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Intel Launches The Xeon D 2100, Up To 18 Core SoCs

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  • #11
    1. Pretend you don't know about Meltdown/Spectre
    2. Buy one of these CPUs
    3. Get compromised
    4. Sue Intel
    5. Enjoy infinite money

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    • #12
      Originally posted by GraysonPeddie View Post
      If I am going to have fans in my server, I would like it to be inaudible, although I'd rather prefer if a server with a 16W TDP could be fanless.

      I'd like to have 3 servers in a 1.5U chassis with a very short depth, but sadly, it's out of stock in Newegg.
      https://www.newegg.com/Product/Produ...82E16811128067
      There is no way in hell that you can have 16W fanless system, especially with hard drives and a 1.5U chassis (WD reds and similar "nas optimized" drives heat much less though).

      You're better off with a cube-like mini-itx NAS-like case with a back fan, something similar to HP microservers https://www.jpaul.me/2013/06/hp-gen8...date-your-lab/ and use a fan adapter to mount an external 120mm or even 200mm fan on whatever is the mount of that thing, and the fan would be ninja-quiet while still pushing more air through. You can also add a PWM controller to throttle the thing down to reduce noise.

      In my builds the main source of noise are the hard drives themselves.
      Last edited by starshipeleven; 02-07-2018, 12:30 PM.

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      • #13
        Originally posted by eydee View Post
        1. Pretend you don't know about Meltdown/Spectre
        2. Buy one of these CPUs
        3. Get compromised
        4. Sue Intel
        5. get laughed out of court
        fixed.

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        • #14
          Originally posted by Azrael5 View Post
          I assume that those cpus are affected by spectre and meltdown bugs
          You can safely assume any new CPU for the next 2-3 years will still be affected.

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          • #15
            Originally posted by Azrael5 View Post
            I assume that those cpus are affected by spectre and meltdown bugs
            Will not touch Intel until at least Meltdown is fixed on silicon. AMD is currently your safer bet.

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            • #16
              Originally posted by tildearrow View Post
              I have a question. Why are "enthusiast" consumer processors (like the 7980XE) clocked higher than high-core-count server/workstation processors?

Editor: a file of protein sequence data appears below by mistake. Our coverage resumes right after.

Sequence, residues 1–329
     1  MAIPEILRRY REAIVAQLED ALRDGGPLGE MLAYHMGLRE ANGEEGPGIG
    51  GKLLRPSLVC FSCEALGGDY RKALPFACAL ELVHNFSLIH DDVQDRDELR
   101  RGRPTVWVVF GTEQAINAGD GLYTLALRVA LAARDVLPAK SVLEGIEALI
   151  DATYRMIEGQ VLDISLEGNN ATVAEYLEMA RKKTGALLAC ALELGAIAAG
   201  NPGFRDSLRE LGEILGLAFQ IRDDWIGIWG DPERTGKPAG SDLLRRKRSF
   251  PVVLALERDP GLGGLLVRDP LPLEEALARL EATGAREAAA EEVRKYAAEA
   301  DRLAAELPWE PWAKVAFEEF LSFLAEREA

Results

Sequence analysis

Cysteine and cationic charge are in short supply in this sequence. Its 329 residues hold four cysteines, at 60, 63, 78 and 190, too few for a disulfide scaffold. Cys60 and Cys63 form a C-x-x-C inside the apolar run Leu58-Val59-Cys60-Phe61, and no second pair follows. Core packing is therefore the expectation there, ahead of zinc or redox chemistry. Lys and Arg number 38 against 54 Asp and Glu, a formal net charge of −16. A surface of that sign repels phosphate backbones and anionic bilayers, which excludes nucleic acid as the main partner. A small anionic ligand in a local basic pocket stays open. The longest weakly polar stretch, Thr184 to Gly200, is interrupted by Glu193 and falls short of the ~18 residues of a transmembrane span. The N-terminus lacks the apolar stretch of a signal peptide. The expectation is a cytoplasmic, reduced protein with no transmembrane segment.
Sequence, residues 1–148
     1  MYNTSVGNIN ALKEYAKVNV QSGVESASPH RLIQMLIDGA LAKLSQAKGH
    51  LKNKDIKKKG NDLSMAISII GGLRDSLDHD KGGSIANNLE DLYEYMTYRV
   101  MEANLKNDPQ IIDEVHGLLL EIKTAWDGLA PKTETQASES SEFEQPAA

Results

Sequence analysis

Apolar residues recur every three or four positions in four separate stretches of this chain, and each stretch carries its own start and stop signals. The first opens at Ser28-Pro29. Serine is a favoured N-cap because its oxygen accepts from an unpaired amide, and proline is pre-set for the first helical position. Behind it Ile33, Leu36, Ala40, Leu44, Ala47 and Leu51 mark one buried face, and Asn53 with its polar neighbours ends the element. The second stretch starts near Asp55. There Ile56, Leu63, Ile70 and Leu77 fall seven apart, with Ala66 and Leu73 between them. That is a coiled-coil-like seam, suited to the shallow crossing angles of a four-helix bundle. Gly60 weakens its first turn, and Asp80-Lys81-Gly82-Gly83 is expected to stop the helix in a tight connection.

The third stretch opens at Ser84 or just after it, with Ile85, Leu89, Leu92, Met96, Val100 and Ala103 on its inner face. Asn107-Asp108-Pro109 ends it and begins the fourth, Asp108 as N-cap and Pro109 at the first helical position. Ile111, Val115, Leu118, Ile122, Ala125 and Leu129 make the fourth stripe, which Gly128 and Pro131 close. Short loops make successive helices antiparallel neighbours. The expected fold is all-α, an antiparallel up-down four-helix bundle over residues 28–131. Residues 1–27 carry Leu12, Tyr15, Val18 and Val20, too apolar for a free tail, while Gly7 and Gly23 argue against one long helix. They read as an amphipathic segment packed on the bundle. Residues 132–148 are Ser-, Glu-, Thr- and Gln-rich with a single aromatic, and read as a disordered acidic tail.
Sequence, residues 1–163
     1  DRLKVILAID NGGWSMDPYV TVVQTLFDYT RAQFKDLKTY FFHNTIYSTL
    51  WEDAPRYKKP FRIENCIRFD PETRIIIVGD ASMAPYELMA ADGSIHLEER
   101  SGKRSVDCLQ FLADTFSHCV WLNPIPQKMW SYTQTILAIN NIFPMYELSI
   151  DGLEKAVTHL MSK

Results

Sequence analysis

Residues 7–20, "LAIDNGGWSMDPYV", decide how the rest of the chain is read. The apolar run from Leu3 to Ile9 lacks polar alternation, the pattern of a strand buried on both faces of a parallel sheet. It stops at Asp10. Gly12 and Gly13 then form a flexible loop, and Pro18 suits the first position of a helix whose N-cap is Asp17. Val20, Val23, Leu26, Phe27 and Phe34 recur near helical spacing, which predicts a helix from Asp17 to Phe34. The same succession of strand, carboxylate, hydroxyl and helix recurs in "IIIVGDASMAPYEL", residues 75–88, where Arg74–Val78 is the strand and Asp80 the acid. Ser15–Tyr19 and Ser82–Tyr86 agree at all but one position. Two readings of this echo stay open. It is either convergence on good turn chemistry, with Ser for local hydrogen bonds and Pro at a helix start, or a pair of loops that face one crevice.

Along with the other reasons others have mentioned, keep in mind a lot of servers tend to run many simple tasks simultaneously, whereas a lot of consumer applications demand a lot of constant and heavy attention. This is why many-core ARM servers got popular - depending on your workload, it's much cheaper and more efficient to run as many independent processes as possible, rather than run them as quickly as possible in a queue.

              On a slight side note, with the way things are going, many-core CPUs are much better at multitasking, whereas GPUs are better for parallelization.
              Last edited by schmidtbag; 02-07-2018, 12:52 PM.

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              • #17
                Originally posted by schmidtbag View Post
                Along with the other reasons others have mentioned, keep in mind a lot of servers tend to run many simple tasks simultaneously, whereas a lot of consumer applications demand a lot of constant and heavy attention.
                webservers are one obvious example of this. Each time there is a new connection from a client it generates a thread for its request.

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                • #18
                  Silly question: What does "SoC" mean in this context? In the normal embedded world when I see a SoC (system on chip) it generally includes both volatile (i.e. RAM) and non-volatile (e.g. flash) storage as well as a bunch of peripherals needed to do something useful. What does this chip include that makes it a SoC instead of just a CPU?

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                  • #19
                    It means the chipset - what used to be north and south bridges to mem and vid - are integrated. Plus GPU it would seem. I guess that constitutes a “system” in this context.

                    My Rasperry Pi SoC has a separate memory chip and no flash tho.

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                    • #20
                      Originally posted by tildearrow View Post
                      I have a question. Why are "enthusiast" consumer processors (like the 7980XE) clocked higher than high-core-count server/workstation processors?
                      Reliability is the primary issue, a consumer machine that fails or has a short lifespan isnt nearly the problem one would have in a room full of servers. Beyond that you need to consider processor density and thermal conditions that will impact max operating speeds. Also consummer machines seldom run at 100% for very long, in fact processor manufactures count on this.

                      In simple terms reliability is the key concern.

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